Commend Yourself to the Wonderful, Matchless Care of God
So, how should we live when suffering for Christ? We should not be surprised when persecution comes. We should live with an attitude of authentic joy, seeing the suffering as a blessing from God. We should continually practice self-examination to make sure our suffering is a result of right Christian living and not a result of the sin in our lives. And, finally, we should commend ourselves to the wonderful, matchless care of God.

In verse 19, Peter writes: “Therefore, those also who suffer according to the will of God shall entrust their souls to a faithful Creator in doing what is right.”

Please listen to what Martin Luther wrote about this verse. It really is beautiful.

“Those to whom God sends suffering that they themselves did not seek nor choose, should commit their souls unto the Creator. Such then fare well, they continue in doing good, turn not astray because of suffering, and commit themselves to their Creator, who is faithful. And this is great consolation to thee. God created thy soul without any care or assistance on thy part, when you did not yet have an existence. Therefore, trust him, yet trust in a way that it be done accompanied by good works, that you become not impatient, sad and angry, and be not provoked to take vengeance on those who cause you the suffering. Also murmur not against God . . . but hold fast on both sides, forgive your enemies and pray for them, and give God the glory that he is merciful, true, faithful, and that he will never forsake thee in thy need, but will graciously help you out of your troubles, although you may at the time feel differently.”[3]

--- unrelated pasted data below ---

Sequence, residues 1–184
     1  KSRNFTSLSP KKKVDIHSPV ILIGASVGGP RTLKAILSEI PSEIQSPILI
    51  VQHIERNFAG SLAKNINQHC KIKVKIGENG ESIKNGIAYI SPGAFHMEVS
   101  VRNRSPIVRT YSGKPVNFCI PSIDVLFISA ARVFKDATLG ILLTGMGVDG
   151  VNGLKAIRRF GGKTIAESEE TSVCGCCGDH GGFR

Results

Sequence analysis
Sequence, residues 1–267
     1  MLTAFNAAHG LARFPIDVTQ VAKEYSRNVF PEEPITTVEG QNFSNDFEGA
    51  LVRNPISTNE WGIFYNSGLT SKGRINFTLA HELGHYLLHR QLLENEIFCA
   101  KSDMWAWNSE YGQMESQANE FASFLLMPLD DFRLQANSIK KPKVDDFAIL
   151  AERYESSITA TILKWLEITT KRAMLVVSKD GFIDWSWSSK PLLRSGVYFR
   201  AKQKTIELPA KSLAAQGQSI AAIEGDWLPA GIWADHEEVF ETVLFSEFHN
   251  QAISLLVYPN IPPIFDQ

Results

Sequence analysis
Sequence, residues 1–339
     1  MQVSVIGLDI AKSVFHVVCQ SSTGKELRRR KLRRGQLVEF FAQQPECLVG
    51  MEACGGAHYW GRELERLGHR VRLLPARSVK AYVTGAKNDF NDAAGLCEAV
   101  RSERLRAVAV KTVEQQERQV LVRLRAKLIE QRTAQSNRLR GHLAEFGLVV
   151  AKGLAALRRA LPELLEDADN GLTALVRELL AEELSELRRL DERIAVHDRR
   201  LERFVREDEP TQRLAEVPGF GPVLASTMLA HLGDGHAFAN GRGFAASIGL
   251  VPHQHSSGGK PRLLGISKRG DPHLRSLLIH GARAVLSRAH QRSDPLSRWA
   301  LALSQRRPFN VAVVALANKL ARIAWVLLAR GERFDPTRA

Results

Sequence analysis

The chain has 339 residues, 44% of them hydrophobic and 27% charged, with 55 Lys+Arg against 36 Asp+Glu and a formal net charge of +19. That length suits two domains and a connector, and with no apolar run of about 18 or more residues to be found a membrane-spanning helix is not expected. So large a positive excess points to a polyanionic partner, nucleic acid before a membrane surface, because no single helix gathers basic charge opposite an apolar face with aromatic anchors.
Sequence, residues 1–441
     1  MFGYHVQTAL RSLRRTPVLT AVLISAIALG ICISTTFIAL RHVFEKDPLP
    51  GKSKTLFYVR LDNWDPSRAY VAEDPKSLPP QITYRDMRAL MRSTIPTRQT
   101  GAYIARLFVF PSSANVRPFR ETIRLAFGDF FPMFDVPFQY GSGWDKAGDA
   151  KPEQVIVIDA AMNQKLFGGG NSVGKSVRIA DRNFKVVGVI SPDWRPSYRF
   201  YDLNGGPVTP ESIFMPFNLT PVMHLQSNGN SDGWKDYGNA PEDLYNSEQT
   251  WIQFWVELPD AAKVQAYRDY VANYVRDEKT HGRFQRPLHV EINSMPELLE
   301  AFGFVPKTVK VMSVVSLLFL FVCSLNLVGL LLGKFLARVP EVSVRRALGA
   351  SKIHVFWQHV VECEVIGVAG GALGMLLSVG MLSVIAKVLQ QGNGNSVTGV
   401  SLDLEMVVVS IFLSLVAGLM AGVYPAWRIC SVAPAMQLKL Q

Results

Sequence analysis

How should we live when we face real persecution and suffering as a result of our faith in Jesus Christ? We should entrust our souls and every aspect of our lives to an infinitely faithful, infinitely powerful, infinitely merciful, infinitely gracious God who is the Creator of all things. And in commending ourselves to God’s matchless care we should commit ourselves to do what is right. James wrote: “Therefore, to one who knows the right thing to do and does not do it, to him it is sin” (James 4:17).

A mark of genuine faith is seen in how a Christian responds to persecution and suffering. In times of plenty or in times of want; in times of relative ease of in times of hardship; in times of acceptance or in times of persecution; in times of happiness or in times of suffering, the authentic follower of Jesus Christ will see their circumstances, whether positive or negative, as an opportunity to praise and glorify God.

A false convert will consistently fall away at the first hint of persecution, because they have never truly placed their faith and trust in Jesus Christ as their Lord and Savior. Their relationship with Christ is superficial and, ultimately, non-existent. They dress themselves, spiritually speaking, as a Christian, but in reality, their trust is in the world and in themselves. In the end, when push comes to shove, they are more interested in preserving as comfortable an earthly existence as they can, and have no regard for what their lack of faith looks like to the sovereign God of the Universe.

The word “entrust” comes from the Greek word that means “to commit” or “to deposit.” Interestingly, it is a banking term. Peter is telling us that we are to deposit all of our trust, and our very souls, into the care of our faithful Creator. This is how we will live, even in the face of persecution and suffering, if we are truly disciples of the Lord Jesus Christ. We will trust the One who is completely trustworthy.

[1] Ibid. p. 256.
[2] Hiebert, D. Edmond: 1 Peter. Chicago: Moody Bible Institute, 1984, 1992, p. 294.
[3] Luther, Martin: Commentary on Peter & Jude. Translated and edited by, John Nichols Lenker. Grand Rapids, MI: Kregel Classics, 1990, p. 199.